Childhood Diseases

Posted by: IVDN | 2012/01/30


Head Lice

Good morning
We visited friends over the weekend and her girl of 4 years has head lice (the mom didn''t tell me until we arrived there). Can you please advise what can I use as a precautionary measure for my 2 year old daughter hair (she just turned 2 years). Many thanks

Expert's Reply



You do not mention whether their child has been treated for headline yet.I would not like to advise that you wash your daughter's hair with a special lice treatment shampoo without being sure that your daughter has indeed got headlice.Examine your daughter's hair carefully for the telltale small white lice eggs.If they do appear ask your pharmacist for advice.

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user comments


Posted by: Mom | 2012/01/30

Lice are barely visible, wingless insects between 1 and 3 mm in size that lives on human beings and feed on blood. These parasites seldom cause serious medical problems, but are annoying and very contagious, spreading easily from person to person by body contact and shared clothing and other personal items. Every four hours or so, a louse bites into a tiny blood vessel for a meal. Because it injects an anaesthetic, you won’ t feel the initial bite. However, as its saliva gets under your skin, bites begin to itch. Intense scratching often breaks the skin

Head lice
Head lice (Pediculus humanus capitis) are about the size of a sesame seed, and can easily be seen, although they hide quickly when exposed to light. Their eggs, called nits, are barely visible whitish ovals cemented to hair shafts. Head lice are spread by personal contact and by shared brushes, combs, hats and other personal items. The infestation sometimes extends into the eyebrows, eyelashes, and beard. Head lice are a common scourge of school children of all social strata.

Contrary to popular belief, contracting lice is not related to poor hygiene –  in fact, head lice are thought to prefer clean hair to dirty hair. However, good hygiene can combat body lice.

Head lice: intense itching on the scalp, especially behind the ears and at the nape of the neck. Children may hardly notice head lice or may have only a vague scalp irritation in the beginning. With advanced infestation, the scalp may become red and inflamed, with swollen glands near the area where the lice are living. Lice live successfully all over the world, wherever people gather in close proximity, for example in schools.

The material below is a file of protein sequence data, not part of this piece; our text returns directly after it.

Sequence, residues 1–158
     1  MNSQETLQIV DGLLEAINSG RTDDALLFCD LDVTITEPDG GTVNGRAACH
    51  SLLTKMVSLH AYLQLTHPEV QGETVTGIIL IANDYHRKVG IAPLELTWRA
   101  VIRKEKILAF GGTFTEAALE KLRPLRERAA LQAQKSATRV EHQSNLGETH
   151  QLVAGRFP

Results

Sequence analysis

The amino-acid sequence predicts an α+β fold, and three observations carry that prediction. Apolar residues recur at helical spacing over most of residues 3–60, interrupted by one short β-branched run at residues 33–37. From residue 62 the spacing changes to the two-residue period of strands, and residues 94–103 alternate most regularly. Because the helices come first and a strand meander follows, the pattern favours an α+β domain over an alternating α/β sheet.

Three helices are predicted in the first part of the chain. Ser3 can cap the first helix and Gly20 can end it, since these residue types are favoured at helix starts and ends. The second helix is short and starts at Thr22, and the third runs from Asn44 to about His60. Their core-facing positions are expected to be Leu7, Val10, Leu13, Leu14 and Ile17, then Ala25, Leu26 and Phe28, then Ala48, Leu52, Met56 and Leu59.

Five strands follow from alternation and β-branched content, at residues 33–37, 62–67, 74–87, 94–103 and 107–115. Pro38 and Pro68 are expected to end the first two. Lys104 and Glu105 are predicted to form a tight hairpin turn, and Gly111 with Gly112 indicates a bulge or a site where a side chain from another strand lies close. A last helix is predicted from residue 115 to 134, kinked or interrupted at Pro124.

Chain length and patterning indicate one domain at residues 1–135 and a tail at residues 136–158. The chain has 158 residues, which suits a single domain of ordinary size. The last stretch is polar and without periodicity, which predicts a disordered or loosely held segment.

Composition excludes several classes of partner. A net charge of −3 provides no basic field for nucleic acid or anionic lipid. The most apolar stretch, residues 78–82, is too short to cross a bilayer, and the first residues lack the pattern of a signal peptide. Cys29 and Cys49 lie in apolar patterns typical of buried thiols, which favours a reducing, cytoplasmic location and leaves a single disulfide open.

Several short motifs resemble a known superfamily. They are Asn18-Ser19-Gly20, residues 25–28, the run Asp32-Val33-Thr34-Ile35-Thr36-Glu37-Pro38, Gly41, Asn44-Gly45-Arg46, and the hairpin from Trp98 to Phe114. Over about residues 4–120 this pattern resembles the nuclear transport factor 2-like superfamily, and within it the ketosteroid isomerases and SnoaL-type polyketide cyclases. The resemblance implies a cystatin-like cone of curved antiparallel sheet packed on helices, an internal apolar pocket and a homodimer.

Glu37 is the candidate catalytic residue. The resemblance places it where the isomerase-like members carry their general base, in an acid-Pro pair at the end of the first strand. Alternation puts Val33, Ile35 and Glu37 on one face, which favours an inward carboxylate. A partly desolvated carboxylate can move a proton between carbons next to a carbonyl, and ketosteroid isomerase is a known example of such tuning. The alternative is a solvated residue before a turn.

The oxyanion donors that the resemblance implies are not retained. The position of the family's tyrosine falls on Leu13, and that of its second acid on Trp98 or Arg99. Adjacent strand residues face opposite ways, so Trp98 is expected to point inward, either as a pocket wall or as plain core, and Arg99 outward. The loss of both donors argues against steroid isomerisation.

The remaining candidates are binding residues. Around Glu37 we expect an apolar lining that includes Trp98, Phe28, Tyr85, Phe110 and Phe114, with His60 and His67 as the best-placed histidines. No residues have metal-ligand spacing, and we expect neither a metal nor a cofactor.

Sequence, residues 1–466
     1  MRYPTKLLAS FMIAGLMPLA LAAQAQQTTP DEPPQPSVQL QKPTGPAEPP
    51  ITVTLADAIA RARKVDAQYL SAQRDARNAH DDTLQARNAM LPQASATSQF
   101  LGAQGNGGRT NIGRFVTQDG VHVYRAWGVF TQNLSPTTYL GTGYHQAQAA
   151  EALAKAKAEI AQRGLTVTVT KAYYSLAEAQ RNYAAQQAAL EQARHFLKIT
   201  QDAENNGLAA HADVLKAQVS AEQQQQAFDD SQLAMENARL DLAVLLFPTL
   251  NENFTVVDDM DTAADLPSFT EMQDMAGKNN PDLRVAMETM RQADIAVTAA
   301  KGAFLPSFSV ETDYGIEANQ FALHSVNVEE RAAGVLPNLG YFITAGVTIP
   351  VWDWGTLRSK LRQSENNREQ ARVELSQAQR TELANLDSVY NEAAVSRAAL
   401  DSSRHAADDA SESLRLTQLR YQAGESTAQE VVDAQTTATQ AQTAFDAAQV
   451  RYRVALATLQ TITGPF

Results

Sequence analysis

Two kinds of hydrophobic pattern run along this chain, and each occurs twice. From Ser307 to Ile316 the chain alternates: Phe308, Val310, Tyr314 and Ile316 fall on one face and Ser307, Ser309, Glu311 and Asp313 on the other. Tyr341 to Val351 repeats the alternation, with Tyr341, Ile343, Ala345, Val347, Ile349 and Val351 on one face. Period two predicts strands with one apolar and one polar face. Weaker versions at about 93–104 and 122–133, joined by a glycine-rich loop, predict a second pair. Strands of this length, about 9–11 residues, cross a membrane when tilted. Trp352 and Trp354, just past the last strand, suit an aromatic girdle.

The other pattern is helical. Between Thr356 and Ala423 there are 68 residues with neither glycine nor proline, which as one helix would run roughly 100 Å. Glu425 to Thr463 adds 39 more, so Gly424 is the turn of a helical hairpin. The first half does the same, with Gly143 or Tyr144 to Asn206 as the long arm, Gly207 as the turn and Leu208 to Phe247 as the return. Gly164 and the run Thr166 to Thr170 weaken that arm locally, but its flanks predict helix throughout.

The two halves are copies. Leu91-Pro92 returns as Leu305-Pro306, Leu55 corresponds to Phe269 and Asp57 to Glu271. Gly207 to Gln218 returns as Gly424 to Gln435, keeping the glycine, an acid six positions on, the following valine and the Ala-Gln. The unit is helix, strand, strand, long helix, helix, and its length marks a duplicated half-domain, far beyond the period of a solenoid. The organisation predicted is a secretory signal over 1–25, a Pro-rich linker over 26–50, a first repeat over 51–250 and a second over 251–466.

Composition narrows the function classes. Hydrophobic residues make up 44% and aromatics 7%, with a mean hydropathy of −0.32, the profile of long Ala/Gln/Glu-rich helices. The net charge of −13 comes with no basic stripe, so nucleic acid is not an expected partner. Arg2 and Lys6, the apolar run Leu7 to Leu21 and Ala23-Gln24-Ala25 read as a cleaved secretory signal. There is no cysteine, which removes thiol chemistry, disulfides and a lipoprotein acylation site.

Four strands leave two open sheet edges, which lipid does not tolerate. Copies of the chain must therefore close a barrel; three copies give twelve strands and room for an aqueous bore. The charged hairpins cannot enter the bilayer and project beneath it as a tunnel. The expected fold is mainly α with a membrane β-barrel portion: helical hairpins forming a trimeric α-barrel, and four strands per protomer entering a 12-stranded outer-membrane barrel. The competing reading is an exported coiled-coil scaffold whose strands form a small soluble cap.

Once you have been infected with adult lice, they will attach their eggs (nits) to hair shafts on various parts of the body. The nits hatch in eight to ten days, producing more lice. Lice can live up to a week on items such as bedding, sleeping bags, clothing and towels.

Head lice: itching and scratching is the hallmark of this condition. Your doctor will examine the scalp for tiny grey insects, usually at the nape of the neck or back of the head where there is the most hair. The doctor will also look for shiny, small, greyish-white oval-shaped eggs (nits) firmly stuck close to the base of hair shafts. They look like flakes of dandruff that cannot be brushed off.

The goal of treatment is to remove all lice and nits. This usually requires repeated efforts, because a few adult lice may escape by hiding in clothing or bedding, and eggs are difficult to kill.

Head lice
The most common treatment for head lice is to kill the adults with an insecticidal shampoo and to clear out the nits with a special fine-toothed comb. To eliminate all lice and successfully prevent re-infection, wash all clothing, towels and bed linen in hot, soapy water, and dry them in a hot dryer. You can also disinfect bedding and other items such as hats and clothing by placing them in a sealed plastic bag for 14 days  the nits will hatch in about a week and die of starvation. Brushes and combs can be disinfected by soaking them in hot, soapy water for 10 minutes.

If you prefer to avoid the use of insecticides, try a " combing only"  technique. Wash the hair with an ordinary shampoo and conditioner and leave wet. With a fine-toothed comb, stroke slowly outward from the roots through one lock of hair at a time. Lice will land on the back of the comb, get caught between the teeth, or fall off. Space at least 30 strokes over the head. Repeat every three days. Because new-born lice do not lay eggs for the first week, all lice should disappear after about two weeks of combing.

Prevention of head lice is difficult, especially among children, since lice spread quickly from head to head. To help prevent lice, prevent children from sharing hats, hooded coats, scarves, combs, brushes, pillows, and soft toys. If you discover lice on your child, notify school or day-care authorities immediately, since classmates are likely to be infected. Infected children should be kept home from school until they are treated.

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